We have settled the issue of the large chuck for 3/4" bit above, but the issue of "precision" has been raised. To me, precision means "lack of run out in the arbor"... what else is there to measure or "go wrong"? If the table is set 90 degrees to the bit, an easy adjustment to make, then that issue is also settled.

Typically, "arbor runout" is not one of the specifications listed for the economy drill press and for many others either. The Wen is typical of the smaller 10" or 8" drill presses that are "probably" made by the same manufacturer somewhere in China or Taiwan.
I own a Craftsman 10" and it is my "go to" drill press for small holes, under 3/4" usually and for use with my Forsnter bits up to 2 1/4" or 35 mm for hinge cups. I am surprised by the power of the 1/3 HP motor in this press. It has a nice variety of speeds as well, although I can't remember changing the belt since I bought it 10 years ago.

This is the Wen model, which gets 5.5 stars in the reviews.
https://www.amazon.com/WEN-4208-8-In...en+drill+press
Listed at $65.00


This is the 10" Craftsman I have:
https://www.amazon.com/Craftsman-Ben...an+drill+press

Listed at $160.00, or one hundred more than the Wen. It does have the laser alignment feature which I seldom use because I center punch my hole location when I need precision OR just eyeball it when I don't.




This Harbor Freight 8" drill press boasts a 1/2 HP motor and is just $4.00 more than the Wen, but it does have a work light a great feature. The HF extended warranty could make this a "no risk" purchase. If you can go to a HF store, grasp the chuck and see if there is any side to side play which would indicate "arbor run out" and then avoid this model, which also got 4 stars in the reviews. Check all the reviews for these drill presses for arbor run out and that will help make your purchase decision.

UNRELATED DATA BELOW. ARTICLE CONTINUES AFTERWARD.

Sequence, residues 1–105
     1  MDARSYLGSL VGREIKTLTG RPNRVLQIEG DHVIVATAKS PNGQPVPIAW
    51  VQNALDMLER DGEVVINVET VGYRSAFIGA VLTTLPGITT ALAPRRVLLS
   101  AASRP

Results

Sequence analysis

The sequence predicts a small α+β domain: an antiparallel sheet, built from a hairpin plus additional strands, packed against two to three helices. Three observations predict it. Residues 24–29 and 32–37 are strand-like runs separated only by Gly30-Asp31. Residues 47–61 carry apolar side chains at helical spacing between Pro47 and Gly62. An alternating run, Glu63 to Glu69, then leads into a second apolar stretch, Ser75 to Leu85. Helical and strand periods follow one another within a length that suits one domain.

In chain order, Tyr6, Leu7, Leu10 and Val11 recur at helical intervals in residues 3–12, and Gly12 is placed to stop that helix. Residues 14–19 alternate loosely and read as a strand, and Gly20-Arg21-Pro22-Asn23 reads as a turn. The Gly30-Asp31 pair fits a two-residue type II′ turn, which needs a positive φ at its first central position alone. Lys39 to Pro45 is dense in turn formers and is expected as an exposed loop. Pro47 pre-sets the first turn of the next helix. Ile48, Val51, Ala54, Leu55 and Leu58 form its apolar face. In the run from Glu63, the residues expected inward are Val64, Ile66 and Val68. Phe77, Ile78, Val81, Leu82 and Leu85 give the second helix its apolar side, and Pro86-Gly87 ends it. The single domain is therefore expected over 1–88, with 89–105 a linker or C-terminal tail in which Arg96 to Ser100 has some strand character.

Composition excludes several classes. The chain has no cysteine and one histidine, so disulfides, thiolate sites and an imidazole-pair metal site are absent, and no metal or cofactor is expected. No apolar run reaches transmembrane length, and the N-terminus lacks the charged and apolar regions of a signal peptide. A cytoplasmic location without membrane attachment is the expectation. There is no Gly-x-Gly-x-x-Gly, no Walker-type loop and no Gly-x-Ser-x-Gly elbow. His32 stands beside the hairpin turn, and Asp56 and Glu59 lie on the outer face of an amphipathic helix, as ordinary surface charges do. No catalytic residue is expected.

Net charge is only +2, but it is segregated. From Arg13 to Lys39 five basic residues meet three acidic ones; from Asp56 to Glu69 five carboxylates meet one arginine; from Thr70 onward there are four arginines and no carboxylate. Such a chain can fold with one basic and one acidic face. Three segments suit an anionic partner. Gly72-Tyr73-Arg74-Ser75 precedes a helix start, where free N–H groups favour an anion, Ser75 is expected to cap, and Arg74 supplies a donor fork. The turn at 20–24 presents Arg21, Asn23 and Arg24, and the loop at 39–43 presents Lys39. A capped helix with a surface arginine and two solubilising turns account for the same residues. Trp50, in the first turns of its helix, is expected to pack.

This was a review for the Wen:
5.0 out of 5 starsNo better deal for the money!
Bymlb6d9on January 11, 2017
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Got the HF version (with coupon) prior to this one, and returned it. It wasn't terrible, but it had too much play, wobble, and was noisy. Spent the extra $20 and got this one - QUITE a difference. The WEN base is more solid and substantial - same thing with the table. Better machined surfaces where they count. The pipe stand is a little beefier, and fits more squarely with the drill head and base. On top of that, it is quieter, no wobble, little if any runout, and it has a place for the chuck. I haven't drilled any holes just yet, but from what I see so far I don't predict any issues. I almost feel guilty paying the measly $72 that included shipping!
The only con I have found thus far is the table handle being on the left side - however, for the price I can deal with it. I look forward to using this as my all-purpose garage drill press.

01/15/17 Update: Drilled a bunch of holes today in 1/2" thick steel Flat bar for a project, and it performed well. Very happy with it so far -

The answer to your question will only be as detailed and specific as the question is detailed and specific. Good questions also include a sketch or a photo that illustrates your issue. (:< D)

Last edited by woodnthings; 06-14-2017 at 10:40 AM.
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post #17 of 19 Old 06-14-2017, 10:35 AM
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I have 4 Taiwanese built drill presses and have replaced the chucks on all of them, the factory chucks had a lot of run out, but the replacement chucks still made in Taiwan were perfect, go figure
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post #18 of 19 Old 03-07-2018, 06:27 AM
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Quote:
Originally Posted by Steve Neul View Post
I don't think you can expect any accuracy from a table top drill press. They are more of a toy than a machine.
My "toy" Craftsman bench top drill press has done everything I wanted/needed over the past 40 years with sufficient accuracy. Both metal and wood drilling.

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post #19 of 19 Old 03-07-2018, 11:06 AM
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https://www.lowes.com/pd/PORTER-CABL...ess/1000132463 I bought this one from Lowes several years ago and when I was looking many would not fit a 1/16" bit even with a 1/2" capacity they were more expensive ones also.

I drill everything with mine 1/16" to 3" forstner bits, in oak. I also would consider quill travel, I think mine is 4 1/2" mine also has a laser which is very handy. The only thing I wish for is having reverse for tapping wood.